Richmond Metropolitan Grand Prix 1

It’s here!!  Are you going to play?!  Are you going to train and study.  For the 1st time in the, “Chess Scholarship Era” the City of Richmond is the leader in accessible rated tournament chess!  There has been rated tournament chess in the Richmond area for decades.  On Saturday May 2 it became in the City of Richmond instead of in the Richmond area.  Every free training is at a bus stop!  Every nationally rated tournament is at a bus stop.  This is what being a major city is all about.  We now have the frequency and proximity our metropolitan community needs to get in on the fun, scholarships and opportunities that up to now required a car.  This is just the beginning!  We need advertisers, donations, tournament directors, coaches, and volunteers.  Let’s work together to show the, “Richmond area”, Virginia, the country, and the world what they have been missing by not being, “In Richmond!!”.  For those in attendance, thank you for showing your support at this history making event!

Jason Morefield took 1st place with a 4-0 score!  He turned 12 last month and has a new rating high of 1946.  Robert Penn and Hunter Beasley tied for 2nd with scores of 3-1.

Here is the game between the 2 top rated players!  Watch for more games from RMGP 1

(416) Robert Penn (2003) – Jason Morefield (1920) [E94]

RMGP1 (3), 02.05.2015


The easiest thing to say is wow! This round 3 battle between number 1 and number 2 is a barn burner! The lead changes hands, then it’s equal, then there’s time pressure. Hope your enjoy this! 1.d4 Nf6 2.Nf3 g6 3.c4 Bg7 4.Nc3 0–0 5.e4 d6 6.Be2 e5 7.0–0 exd4 8.Nxd4 Re8 9.f3

Typical King's Indian position.

Typical King’s Indian position.

c6 10.Bg5 [10.Be3 Nbd7 11.Qd2 Ne5 12.Rfd1 a5² Would be the standard development scheme.] 10…Qb6 11.Na4 Qc7 12.Qd2 a6 13.Rac1 c5 Which retreat would you pick? Robert picks the stongest. Up to this point both players are coming in very high on the engine choices. Most every move has been either 1,2, or 3! 14.Nc2! Bd7 15.Nc3 Bc6 16.Rfd1

Position after 16. Rfd1

Position after 16. Rfd1

Nbd7?! This is going to cause the game to start slipping away! Black had to play Re6. [16…Re6 17.b4! b6 18.bxc5 bxc5 19.Nd5 Bxd5 20.cxd5 Re7 21.Nb4± White has a lasting advantage!] 17.Qxd6 Qb6 18.Rb1 h6? 19.Be3 Rad8 20.Qg3 Nf8?! Mistakes come in pairs! White is winning. 21.Qf2?? [21.Nd5 It is now that we see the big difference between 14.Nb3 and 14.Nc2! The knight sopports the advance of the queenside pawns in a way that gains space effortlessly! 21…Qa5 22.a3 Nxd5 23.exd5 Bd7 24.Bd3 Rc8 25.b4 cxb4 26.axb4 Qd8+-] 21…Ne6?! 22.Nd5 Qa5? This really isn’t an option anymore! [22…Qa7™ 23.Bxh6! Nxd5 24.Bxg7 Ndf4 25.Bf6 Rxd1+ 26.Rxd1+-] 23.a3 Rd7 24.b4 Qd8??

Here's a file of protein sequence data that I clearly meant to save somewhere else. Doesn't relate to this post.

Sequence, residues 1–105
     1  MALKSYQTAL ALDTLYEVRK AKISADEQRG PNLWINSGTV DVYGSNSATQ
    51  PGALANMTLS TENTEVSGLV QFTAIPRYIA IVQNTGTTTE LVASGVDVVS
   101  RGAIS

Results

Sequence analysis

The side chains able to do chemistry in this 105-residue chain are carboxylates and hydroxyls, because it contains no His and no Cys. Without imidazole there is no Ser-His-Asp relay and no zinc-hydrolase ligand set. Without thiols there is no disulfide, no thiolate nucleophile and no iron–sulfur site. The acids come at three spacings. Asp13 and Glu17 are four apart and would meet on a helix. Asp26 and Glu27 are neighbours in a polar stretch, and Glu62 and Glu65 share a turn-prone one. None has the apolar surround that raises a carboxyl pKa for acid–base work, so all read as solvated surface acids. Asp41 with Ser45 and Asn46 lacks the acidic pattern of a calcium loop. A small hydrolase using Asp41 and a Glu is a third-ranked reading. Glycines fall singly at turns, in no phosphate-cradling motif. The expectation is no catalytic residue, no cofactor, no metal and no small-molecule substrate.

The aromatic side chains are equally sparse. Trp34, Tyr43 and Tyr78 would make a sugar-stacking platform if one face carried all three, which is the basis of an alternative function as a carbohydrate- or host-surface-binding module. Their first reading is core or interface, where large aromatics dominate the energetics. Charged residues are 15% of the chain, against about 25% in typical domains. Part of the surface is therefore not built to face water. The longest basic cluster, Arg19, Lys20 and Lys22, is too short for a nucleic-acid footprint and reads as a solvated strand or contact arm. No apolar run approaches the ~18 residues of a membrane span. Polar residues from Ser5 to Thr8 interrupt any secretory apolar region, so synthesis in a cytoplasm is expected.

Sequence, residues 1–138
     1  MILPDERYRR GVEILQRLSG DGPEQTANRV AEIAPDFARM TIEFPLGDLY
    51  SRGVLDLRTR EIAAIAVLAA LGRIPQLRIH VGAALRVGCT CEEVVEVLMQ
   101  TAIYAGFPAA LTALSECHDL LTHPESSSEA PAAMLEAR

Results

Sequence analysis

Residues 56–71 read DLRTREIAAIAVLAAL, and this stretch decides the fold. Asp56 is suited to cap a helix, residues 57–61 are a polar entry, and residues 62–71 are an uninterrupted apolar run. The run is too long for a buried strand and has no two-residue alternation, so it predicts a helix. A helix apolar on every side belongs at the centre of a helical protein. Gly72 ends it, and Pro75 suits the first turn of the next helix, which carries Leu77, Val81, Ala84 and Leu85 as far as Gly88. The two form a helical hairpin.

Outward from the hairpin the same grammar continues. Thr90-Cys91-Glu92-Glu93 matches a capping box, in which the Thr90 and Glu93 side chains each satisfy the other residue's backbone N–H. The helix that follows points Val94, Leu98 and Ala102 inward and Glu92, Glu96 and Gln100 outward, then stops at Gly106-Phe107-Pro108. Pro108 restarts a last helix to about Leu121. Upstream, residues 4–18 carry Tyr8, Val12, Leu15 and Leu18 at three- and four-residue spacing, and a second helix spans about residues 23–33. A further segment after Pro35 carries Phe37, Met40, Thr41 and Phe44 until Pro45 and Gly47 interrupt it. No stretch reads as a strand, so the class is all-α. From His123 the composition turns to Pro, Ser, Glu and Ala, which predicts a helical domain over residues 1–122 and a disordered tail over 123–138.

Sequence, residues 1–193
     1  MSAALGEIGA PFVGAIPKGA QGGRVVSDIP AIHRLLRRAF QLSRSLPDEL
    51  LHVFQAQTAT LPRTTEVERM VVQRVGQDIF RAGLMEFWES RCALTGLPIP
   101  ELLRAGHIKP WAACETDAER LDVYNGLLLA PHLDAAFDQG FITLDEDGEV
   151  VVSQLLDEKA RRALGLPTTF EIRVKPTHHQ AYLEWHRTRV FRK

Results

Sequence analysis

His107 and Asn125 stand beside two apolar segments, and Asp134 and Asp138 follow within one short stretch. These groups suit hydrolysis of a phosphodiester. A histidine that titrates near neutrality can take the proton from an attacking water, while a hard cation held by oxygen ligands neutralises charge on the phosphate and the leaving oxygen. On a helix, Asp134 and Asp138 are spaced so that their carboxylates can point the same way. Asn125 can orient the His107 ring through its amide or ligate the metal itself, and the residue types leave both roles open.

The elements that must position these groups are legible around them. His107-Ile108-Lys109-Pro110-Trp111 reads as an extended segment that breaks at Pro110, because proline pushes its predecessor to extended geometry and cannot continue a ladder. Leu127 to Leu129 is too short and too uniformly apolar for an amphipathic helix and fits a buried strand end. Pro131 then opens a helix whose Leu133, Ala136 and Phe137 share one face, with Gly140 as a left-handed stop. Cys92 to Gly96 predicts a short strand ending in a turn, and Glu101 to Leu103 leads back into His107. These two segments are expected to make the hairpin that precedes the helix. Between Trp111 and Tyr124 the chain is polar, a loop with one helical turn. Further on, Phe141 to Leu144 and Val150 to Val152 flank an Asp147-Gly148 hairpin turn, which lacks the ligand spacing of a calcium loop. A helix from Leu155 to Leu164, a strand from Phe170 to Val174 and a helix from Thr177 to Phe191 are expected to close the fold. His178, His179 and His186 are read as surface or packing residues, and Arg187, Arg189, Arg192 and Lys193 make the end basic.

Position after 24...Qd8??

Position after 24…Qd8??

25.Bxc5?? The complications are really hard here but the pawn capture is right because a capture on d5 is unavoidable and that will fix the pawns because until the e6 knight moves, any recapture on d5 is with tempo! [25.bxc5! Ba4 26.Rd2 Bxc2 27.Rxc2 Qa5 28.Rcb2 Nxd5 29.cxd5 Bxb2 30.dxe6 Rxe6 31.Rxb2 Qxa3+-] 25…Nxc5 26.Qxc5?? Whites 2nd rank is completely vulnerable to black’s rooks! [26.bxc5™ Even when you are winning, there are forced moves! 26…Ba4 27.Bf1 Bf8 28.Rb4 Nxd5 29.cxd5 Qa5 30.d6+-] 26…Bxd5 27.cxd5

Position after 27. cxd5

Position after 27. cxd5

Nxd5?? [27…Rc7™ 28.Qe3 Rxc2 29.Rbc1 Rxc1 30.Qxc1 Qb6+ 31.Kf1 Rd8 32.Qc5 Nd7 33.Qxb6 Nxb6µ] 28.Rxd5 [28.Bb5!! axb5 29.Rxd5 Rxd5 30.exd5 Re2 31.Re1 Bf8 32.Qc3 Rxe1+ 33.Qxe1³; 28.exd5 Rxe2 29.Kf1 Bf8 30.Qc4 Re5 31.Rbc1 Bg7³ With an edge and the initiative!] 28…Rxd5 29.Qxd5 Qxd5 30.exd5 Rxe2 31.Ne1 [31.Na1! Rd2 32.Nb3 Rxd5 33.Nc5 b6 34.Nxa6 Rd3 35.Nc7 Bd4+ 36.Kf1 Rd2 37.Nd5=] 31…Rd2 White is in time trouble! 32.Rc1 [32.f4 Rxd5 33.Kf2 Rd2+ 34.Kf3 Bd4 35.Rc1³] 32…Rxd5 33.Rc8+ Kh7 34.Rc7 Rd2

Position after 34...Rd2

Position after 34…Rd2

35.Nc2? [35.Kf1! Bd4 (35…Kg8 36.f4=) 36.Nc2=]  I had mentioned 35. Rf7 as a way out, but that would have been a total disaster.  35…Kg8 36.a4 Be5 37.Rc8+ Kg7 38.g3 h5 39.f4 Bd6 40.Rc4 Kf6 41.b5 axb5 42.axb5 Ke6 43.Ne1 Kd5 44.Rc8 Bc5+ 45.Kh1 Rb2 46.Rxc5+ Kxc5 0–1

Contact us with any questions or comments.  Registration is open so please sign up.

One thought on “Richmond Metropolitan Grand Prix 1

  1. 05/18/2015
    This evening was my first Practice session, And It was an extremely rewarding experience. I haven’t played in years, but Mr. Callaham was so patient, and eager to share his knowledge with us. He is an excellent instructor,he was really concern about us learning the feel of the board, and the fundamentals of the game. I truly believe this is going to be a fun summer. Ms. Denise Shabazz

Leave a Reply

Fill in your details below or click an icon to log in: Logo

You are commenting using your account. Log Out /  Change )

Facebook photo

You are commenting using your Facebook account. Log Out /  Change )

Connecting to %s